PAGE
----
Re:Sure, I can see the disadvantage... (1)

Undead Waffle (1447615) | more than 3 years ago | (#32933640)

Or there will be a plague in eastern Florida of sharks or elephants or whatever it is that eats turtles.

Re:Sure, I can see the disadvantage... (1)

Tacvek (948259) | more than 3 years ago | (#32934166)

Or there will be a plague in eastern Florida of sharks or elephants or whatever it is that eats turtles.

[[Sea turtle#Importance to humans]] [wikipedia.org]

A plague of humans in eastern Florida? I'm afraid it is a bit late to worry about that!

Re:Sure, I can see the disadvantage... (1)

sjames (1099) | more than 3 years ago | (#32933750)

On the bright side only the slowest teens will fall to the invading horde.

Re:Sure, I can see the disadvantage... (1)

garyisabusyguy (732330) | more than 3 years ago | (#32933556)

Perhaps they could sample the genetics of hatchlings and see if there are descendants of gulf turtles emerging from atlantic beaches in the next several years?

Hell, if people are willing to move 70k eaggs, then why wouldn't they be willing to swab a few thousands turtles, "for the sake of science"

Re:Sure, I can see the disadvantage... (1)

daveime (1253762) | more than 3 years ago | (#32936116)

Most turtles die, except for a few that have a natural ability to survive on oil

And then BP can train them up to plug the holes in all their other leaking wells.

Re:Sure, I can see the disadvantage... (2, Insightful)

drinkypoo (153816) | more than 3 years ago | (#32936230)

I expect that we'll never be able to tell whether this has done any good at all...

Actually, if any turtle populations are established on the east coast, we'll know if it's done any good at all. Especially if populations decline in the gulf, which they are almost guaranteed to do.

Re:Sure, I can see the disadvantage... (1)

CrimsonAvenger (580665) | more than 3 years ago | (#32936798)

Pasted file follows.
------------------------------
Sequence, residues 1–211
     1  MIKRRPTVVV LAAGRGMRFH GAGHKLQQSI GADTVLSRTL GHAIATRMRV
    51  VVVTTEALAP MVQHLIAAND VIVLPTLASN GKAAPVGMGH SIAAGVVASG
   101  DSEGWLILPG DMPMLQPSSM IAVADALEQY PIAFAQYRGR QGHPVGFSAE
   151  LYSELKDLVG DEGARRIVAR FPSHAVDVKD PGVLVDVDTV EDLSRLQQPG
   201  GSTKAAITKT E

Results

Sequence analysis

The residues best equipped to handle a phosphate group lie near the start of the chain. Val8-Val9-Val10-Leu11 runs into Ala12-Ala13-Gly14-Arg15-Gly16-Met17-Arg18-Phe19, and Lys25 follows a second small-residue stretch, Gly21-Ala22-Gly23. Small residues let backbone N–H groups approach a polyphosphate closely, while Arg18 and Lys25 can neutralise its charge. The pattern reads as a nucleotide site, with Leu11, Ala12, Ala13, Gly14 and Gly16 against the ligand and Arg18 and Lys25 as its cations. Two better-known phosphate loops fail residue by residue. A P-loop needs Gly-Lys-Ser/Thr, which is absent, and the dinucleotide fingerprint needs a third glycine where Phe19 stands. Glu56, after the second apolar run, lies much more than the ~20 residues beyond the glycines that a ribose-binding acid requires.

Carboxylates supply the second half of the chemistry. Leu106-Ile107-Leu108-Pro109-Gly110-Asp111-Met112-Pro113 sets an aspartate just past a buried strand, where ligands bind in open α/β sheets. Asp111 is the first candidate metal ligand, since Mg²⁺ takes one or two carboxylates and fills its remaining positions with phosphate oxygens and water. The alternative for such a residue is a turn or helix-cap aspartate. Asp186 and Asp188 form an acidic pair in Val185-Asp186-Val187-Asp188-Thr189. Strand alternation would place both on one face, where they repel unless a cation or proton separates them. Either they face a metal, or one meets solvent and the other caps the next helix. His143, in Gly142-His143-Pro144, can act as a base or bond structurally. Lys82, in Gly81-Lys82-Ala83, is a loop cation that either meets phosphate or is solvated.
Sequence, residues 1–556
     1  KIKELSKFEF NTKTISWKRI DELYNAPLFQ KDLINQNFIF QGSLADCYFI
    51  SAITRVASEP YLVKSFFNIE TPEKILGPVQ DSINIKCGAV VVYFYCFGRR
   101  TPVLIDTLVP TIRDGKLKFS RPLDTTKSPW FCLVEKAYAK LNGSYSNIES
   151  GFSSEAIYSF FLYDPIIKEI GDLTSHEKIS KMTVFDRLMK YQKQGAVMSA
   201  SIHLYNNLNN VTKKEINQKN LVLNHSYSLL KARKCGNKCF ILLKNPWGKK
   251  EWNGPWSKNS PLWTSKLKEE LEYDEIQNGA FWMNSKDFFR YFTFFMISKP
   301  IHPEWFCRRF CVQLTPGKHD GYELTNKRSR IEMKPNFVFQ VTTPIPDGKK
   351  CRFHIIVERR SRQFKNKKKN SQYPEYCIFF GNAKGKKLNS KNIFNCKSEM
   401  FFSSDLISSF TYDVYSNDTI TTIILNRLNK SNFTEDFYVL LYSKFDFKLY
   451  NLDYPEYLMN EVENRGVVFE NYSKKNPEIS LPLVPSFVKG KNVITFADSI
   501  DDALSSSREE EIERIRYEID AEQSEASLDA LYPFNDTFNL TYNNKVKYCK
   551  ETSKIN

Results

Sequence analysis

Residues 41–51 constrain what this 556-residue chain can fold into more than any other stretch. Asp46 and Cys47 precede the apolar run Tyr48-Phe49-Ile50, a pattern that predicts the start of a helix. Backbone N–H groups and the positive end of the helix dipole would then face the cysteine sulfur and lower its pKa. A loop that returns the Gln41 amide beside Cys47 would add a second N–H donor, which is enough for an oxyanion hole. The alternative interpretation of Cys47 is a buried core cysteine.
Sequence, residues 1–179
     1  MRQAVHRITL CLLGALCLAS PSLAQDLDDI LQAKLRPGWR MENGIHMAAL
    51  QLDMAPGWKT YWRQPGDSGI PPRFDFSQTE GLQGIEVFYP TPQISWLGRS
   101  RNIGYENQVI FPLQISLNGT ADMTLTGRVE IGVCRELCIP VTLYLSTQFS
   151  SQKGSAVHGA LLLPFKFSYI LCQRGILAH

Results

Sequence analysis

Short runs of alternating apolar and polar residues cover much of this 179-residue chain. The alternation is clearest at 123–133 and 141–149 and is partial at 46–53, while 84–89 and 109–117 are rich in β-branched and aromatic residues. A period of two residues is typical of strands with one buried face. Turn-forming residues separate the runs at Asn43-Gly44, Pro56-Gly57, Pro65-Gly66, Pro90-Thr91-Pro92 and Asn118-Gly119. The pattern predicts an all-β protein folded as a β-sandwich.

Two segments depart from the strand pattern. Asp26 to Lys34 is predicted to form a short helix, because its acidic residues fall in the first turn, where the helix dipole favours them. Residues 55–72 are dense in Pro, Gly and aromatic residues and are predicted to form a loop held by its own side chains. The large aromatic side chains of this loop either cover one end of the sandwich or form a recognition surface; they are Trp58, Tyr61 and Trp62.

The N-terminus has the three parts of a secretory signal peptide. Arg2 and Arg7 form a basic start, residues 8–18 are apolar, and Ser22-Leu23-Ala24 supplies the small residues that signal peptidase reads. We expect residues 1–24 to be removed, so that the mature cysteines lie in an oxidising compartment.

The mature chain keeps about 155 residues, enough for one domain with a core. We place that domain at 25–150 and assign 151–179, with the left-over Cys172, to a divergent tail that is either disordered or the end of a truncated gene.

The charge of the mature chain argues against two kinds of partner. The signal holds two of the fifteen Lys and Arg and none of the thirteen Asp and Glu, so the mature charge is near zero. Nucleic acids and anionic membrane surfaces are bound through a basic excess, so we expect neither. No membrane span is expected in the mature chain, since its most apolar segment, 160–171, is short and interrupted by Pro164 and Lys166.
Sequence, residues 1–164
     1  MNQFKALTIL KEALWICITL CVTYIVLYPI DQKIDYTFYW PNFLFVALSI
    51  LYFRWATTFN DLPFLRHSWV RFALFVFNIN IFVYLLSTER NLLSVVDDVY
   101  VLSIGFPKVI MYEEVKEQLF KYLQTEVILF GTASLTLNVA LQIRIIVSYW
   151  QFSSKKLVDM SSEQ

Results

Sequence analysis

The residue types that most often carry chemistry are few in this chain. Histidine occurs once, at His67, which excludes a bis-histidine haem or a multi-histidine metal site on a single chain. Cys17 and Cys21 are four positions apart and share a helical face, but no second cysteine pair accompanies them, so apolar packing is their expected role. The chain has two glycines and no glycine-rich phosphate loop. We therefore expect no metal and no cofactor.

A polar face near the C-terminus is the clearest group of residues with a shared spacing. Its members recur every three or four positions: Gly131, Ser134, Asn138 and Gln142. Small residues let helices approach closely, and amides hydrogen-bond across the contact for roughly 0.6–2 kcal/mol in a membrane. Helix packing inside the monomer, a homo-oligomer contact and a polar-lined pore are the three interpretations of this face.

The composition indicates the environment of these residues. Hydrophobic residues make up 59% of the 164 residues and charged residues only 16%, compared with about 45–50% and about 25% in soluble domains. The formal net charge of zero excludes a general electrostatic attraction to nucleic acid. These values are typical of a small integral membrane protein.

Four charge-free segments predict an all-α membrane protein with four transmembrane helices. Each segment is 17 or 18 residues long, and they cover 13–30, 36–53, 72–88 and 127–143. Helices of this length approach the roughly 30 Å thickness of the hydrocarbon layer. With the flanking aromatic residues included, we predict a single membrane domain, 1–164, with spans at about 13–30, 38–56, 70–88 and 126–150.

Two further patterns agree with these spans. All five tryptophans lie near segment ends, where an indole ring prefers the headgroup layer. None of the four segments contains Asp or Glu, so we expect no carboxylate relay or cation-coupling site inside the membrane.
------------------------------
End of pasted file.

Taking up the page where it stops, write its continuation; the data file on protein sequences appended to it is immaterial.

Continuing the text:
I expect that we'll never be able to tell whether this has done any good at all...

Actually, if any turtle populations are established on the east coast, we'll know if it's done any good at all. Especially if populations decline in the gulf, which they are almost guaranteed to do.

Since there are already turtle populations on the east coast, we won't notice the addition of about 70 adult turtles in a few years.

And even the Kemp Ridley sea turtles can be found in the Atlantic from time to time, so finding a few more of them doesn't really tell us much.

Re:Sure, I can see the disadvantage... (1)

Locke2005 (849178) | more than 3 years ago | (#32933586)

Birds and butterflies can actually adjust their migration patterns if you offset their starting points. Don't ask me how they do it, I don't think anybody has figured that out yet.

Re:Sure, I can see the disadvantage... (2, Funny)

camperdave (969942) | more than 3 years ago | (#32934634)

"Hey, where're ya goin'?"
"Winter feeding grounds... I think"
"You're going the wrong way"
"Damn humans. Mind if I follow you?"
"Be my guest."

Re:Sure, I can see the disadvantage... (4, Funny)

thegarbz (1787294) | more than 3 years ago | (#32933712)

You missed one outcome:
- Turtles grow to their teenage years, mutate and then move into the city sewers placing a strain on pizza joints who are unable to figure out where to deliver the pizza.